Why Burma to MyanmarAbout Myanmar? Why Burma to Myanmar?
It is particularly prominent in historic, juridical, grammatical and pictorial works. The Henry Burney Series. This print library contains uncommon copies of early Burma prints, many of which were purchased under the Press and Registration Boooks Act from 1867 to the nineteen-thirties. British Library also owns print works in Pali and other Burma tongues, such as Mon, Shan, Chin, Kachin and Karen.
There' is an important library of 1980s literature, series and essays on Burma's pro-democracy movement. Digitized Myanmar scripts and other Myanmar materials can be found in the Endangered Archives program. Burma's British Library on-line catalogs, Explorer the British Library (for print and magazine ) and Explorer Archives and Menuscripts, contain all of Burma's print titles and some of Burma's original scripts.
Full access to Burma's published works can be found in the Reading Room of Asia and Africa Studies. Whitbread, Kenneth, catalogue of Burma print works in the India Office Library (London: H.M.S.O., 1969).
Myanmar and its issues
ZURMA has never been a genuine and integrated part of India. It has indeed been inspired by India, from which the crowds of its peoples have deduced their Buddhaistism. However, the common Burmese believe that the Buddha or the Supreme Enlightened Being was a Burmese from the moment of his death, and a few years ago a movie showing the Buddha as an Indian prince had to be stopped because of the resentments he made in Rangoon.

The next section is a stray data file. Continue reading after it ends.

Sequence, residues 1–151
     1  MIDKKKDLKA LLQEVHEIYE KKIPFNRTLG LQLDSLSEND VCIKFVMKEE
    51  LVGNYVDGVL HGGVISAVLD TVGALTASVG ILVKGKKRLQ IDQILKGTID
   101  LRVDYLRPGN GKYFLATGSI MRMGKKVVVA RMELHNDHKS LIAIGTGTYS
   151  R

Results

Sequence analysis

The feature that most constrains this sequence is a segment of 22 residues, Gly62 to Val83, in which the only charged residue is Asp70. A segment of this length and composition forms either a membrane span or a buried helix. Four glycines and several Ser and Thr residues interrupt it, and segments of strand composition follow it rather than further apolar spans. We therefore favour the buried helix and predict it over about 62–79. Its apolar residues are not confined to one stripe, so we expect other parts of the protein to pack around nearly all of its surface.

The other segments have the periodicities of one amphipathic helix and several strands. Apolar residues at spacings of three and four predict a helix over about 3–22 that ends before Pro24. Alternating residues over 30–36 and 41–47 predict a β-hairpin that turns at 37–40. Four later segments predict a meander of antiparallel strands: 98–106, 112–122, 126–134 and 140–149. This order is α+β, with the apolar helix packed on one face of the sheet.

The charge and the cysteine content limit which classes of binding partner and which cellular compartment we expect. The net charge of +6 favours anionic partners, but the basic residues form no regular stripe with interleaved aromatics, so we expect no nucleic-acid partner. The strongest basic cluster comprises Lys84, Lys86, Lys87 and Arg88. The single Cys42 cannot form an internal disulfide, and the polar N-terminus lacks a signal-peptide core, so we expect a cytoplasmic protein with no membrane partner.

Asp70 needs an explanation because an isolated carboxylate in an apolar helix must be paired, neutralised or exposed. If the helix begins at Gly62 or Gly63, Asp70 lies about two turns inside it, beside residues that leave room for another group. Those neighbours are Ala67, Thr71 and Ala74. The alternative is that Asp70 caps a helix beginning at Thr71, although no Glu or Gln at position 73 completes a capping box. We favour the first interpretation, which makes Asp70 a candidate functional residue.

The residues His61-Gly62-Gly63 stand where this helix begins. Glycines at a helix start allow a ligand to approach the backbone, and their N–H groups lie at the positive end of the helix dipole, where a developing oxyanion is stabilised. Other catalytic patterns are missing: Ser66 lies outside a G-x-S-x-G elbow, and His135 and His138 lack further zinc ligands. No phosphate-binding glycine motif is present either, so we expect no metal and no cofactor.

Burma's history and architectural style reflect India's influences, and India's merchants were sailing up their canyons. Over and over again there were problems with the Indians visiting the Chittagong coastline; and the Pegu and Arakan Magi occasionally entered the north-eastern parts of India.
However, Burma has stayed separate from India in all essential respects, as it is today. Out of a 13 million people, one million are Indians, and over 350,000 of them come to India every year to harvest paddy crops or to get occasional work; but except in Arakan, the partition next to Chittagong, the two races do not mix.
No railroad connects Burma and India, and communications between the two are limited to steamships between Calcutta or Madras and Rangoon, the trip takes two and sometimes longer. Myanmar became a provincial of India by the disaster of seizure and by the ease of recruitment of its first admins from India.
After the three Myanmar War, it was partially annexed: the north and south partition of Arakan and Tenasserim in 1826, Rangoon and the remainder of Lower Burma in 1852 and Upper Burma in 1886. Burma's arrogant judiciary and mistreatment of its citizens were the causes of the UK intrusion.